For World Vegan Month, The Vegan Review is sharing the stories of vegans from 30 countries around the world. Here’s one from Colombia.
Lyda Durango, 45, is a marketing manager and event organiser in Colombia. She is also an entrepreneur, blogger, and activist for animal rights.
“I went vegan for the animals,” she says. “13 years ago, I became vegetarian and almost 2 years ago, vegan.”
She says that in Spanish, the predominant language in Colombia, “the word for ‘vegan’ is ‘vegana’ for females and ‘vegano’ for males”.
Why did you go vegan?
When I first realised the suffering we were causing to animals for food, I knew I had to do something about it. I started reading and understanding the reality of farm animals, but it wasn’t until I watched Earthlings that I actually decided not to eat animals anymore.
The years after that, I dropped milk, then eggs and honey, and finally in January 2019, I went strictly vegan. In the last five years, I also stopped using animal-tested products, clothes, and any other animal origin staff. It was very important for me because I also realised the harm we were doing to our planet through consumerism, industrialisation, and everything related, and I became very conscious about it all.
What was the biggest challenge when you transitioned?
My biggest challenge was with bread, even though I am not a very bready person. It is very common here in my country, especially for breakfast. Then I started reading the labels in detail, and realising almost everything has cow’s milk and eggs, without being even necessary. This was the biggest opportunity to find out about artisan bread, pitta bread, and all the healthy choices we have when having a craving for bread.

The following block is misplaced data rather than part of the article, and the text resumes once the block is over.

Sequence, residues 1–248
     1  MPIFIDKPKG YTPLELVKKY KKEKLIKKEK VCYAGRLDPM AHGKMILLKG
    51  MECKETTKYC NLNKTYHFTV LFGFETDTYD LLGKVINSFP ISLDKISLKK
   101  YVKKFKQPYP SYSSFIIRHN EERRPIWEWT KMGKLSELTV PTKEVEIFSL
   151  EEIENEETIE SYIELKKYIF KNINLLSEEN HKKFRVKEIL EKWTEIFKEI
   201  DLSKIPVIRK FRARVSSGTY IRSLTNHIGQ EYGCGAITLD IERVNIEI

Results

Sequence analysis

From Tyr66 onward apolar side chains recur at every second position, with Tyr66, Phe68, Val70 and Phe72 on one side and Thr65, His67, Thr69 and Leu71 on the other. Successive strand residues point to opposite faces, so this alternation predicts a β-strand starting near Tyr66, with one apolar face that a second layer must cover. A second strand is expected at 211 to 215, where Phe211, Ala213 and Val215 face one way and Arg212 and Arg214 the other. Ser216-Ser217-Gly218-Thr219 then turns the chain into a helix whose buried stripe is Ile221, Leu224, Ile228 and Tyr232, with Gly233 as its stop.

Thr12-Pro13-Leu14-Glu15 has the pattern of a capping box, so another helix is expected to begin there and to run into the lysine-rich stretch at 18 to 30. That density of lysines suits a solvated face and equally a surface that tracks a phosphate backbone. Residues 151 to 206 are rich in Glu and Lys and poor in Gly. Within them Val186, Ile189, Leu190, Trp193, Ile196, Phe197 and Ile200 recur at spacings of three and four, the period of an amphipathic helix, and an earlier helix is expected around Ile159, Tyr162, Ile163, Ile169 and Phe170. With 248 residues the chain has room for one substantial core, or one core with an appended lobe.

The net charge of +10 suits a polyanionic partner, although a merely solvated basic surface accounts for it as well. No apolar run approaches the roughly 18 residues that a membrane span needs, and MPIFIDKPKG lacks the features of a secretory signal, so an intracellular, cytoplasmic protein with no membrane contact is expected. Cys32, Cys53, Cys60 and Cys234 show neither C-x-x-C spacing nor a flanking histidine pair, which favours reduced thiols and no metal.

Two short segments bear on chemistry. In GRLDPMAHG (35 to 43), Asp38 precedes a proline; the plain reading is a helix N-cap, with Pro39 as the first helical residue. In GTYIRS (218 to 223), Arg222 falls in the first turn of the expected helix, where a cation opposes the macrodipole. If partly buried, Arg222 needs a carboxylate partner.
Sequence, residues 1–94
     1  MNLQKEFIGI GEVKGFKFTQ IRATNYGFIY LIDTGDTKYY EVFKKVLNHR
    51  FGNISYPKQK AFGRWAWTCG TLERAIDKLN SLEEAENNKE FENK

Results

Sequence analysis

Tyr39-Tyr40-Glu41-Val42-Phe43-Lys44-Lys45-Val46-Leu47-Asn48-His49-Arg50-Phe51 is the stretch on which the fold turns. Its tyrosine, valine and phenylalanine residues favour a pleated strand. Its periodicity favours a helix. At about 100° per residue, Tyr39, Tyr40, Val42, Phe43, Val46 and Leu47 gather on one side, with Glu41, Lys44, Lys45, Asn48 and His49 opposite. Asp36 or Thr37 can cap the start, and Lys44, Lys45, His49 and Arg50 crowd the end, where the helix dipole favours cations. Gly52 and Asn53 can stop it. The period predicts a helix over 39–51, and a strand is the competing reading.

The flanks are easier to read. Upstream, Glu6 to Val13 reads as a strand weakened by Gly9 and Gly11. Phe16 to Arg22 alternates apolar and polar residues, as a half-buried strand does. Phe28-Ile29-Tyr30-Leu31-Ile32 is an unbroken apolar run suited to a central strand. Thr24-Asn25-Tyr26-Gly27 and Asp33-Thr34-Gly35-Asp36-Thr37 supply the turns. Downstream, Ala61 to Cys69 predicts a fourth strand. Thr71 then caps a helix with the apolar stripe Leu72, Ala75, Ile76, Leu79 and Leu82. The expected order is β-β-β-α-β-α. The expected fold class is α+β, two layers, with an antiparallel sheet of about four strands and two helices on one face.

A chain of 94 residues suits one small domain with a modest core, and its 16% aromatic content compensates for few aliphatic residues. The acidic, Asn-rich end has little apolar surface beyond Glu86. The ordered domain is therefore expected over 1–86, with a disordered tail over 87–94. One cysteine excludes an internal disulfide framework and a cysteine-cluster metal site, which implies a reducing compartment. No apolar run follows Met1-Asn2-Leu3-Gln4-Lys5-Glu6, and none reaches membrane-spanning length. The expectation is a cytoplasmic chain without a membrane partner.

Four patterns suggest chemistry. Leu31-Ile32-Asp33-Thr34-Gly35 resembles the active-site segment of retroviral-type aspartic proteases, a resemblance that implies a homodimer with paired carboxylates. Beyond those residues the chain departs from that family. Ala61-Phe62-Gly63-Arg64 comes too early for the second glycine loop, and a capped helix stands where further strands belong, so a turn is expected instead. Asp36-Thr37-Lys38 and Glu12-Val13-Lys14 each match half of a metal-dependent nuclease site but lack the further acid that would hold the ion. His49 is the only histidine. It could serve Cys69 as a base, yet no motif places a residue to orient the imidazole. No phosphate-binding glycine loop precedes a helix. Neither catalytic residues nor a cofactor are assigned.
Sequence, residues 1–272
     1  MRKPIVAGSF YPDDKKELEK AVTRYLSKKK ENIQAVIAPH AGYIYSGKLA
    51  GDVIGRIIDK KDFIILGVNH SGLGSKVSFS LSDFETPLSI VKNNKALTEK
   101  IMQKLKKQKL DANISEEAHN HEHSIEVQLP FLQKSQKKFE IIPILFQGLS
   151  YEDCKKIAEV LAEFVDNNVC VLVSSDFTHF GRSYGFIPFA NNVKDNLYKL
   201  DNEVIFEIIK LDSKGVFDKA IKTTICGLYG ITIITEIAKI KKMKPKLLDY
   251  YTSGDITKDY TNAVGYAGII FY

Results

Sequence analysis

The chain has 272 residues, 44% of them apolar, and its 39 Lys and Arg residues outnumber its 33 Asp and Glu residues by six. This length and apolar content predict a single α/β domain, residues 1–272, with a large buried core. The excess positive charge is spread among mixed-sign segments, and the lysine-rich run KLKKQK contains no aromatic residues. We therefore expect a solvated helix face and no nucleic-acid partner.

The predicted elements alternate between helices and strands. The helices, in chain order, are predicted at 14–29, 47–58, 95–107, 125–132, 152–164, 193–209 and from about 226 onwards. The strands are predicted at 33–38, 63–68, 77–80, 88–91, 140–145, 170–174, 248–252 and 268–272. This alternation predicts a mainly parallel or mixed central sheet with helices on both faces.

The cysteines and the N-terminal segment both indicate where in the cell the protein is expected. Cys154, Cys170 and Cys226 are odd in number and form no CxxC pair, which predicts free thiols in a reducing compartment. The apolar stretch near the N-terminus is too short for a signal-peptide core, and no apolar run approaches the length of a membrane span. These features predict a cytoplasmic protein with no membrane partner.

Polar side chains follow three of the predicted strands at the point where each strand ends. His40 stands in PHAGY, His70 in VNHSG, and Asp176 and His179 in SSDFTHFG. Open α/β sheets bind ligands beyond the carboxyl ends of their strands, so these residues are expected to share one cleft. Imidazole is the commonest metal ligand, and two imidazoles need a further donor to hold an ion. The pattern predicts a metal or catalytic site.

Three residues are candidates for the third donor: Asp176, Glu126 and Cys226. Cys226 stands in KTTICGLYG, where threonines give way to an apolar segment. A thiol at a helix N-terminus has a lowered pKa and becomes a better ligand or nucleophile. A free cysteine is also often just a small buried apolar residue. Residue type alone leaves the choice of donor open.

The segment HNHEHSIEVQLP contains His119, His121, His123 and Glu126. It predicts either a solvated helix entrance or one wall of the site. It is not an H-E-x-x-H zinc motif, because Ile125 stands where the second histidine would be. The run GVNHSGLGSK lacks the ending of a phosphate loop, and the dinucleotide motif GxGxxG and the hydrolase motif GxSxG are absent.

But there is another thing, which was the most challenging because it is very traditional in my country: buñuelos, a Christmas treat made from corn and yuca starch, butter and cheese, among other ingredients. These are very traditional and popular in my country for Christmas, and they are very delicious. We eat it with a dessert called natilla (made with cow’s milk). This combination is so popular that you can even find them in street food sales. Not having them anymore was a little difficult, but I found the recipe for vegan buñuelos and It was amazing.
The rest of my process was really easy since I am very resourceful, well-informed and always looking for new ways to advance my knowledge of veganism and the plant-based lifestyle.
What was the reaction of your loved ones when you went plant-based? How did they adapt?
When I first went vegetarian it was very difficult for them to understand that I was not going to die and that I was very happy about my new life. When I went vegan, it was not very surprising for them since I had been dropping dairy and eggs. They have been very respectful and supportive of my decision. Every time we have a special occasion or dinner with family or friends, they always think about me and care for my vegan options.
Who are your influences?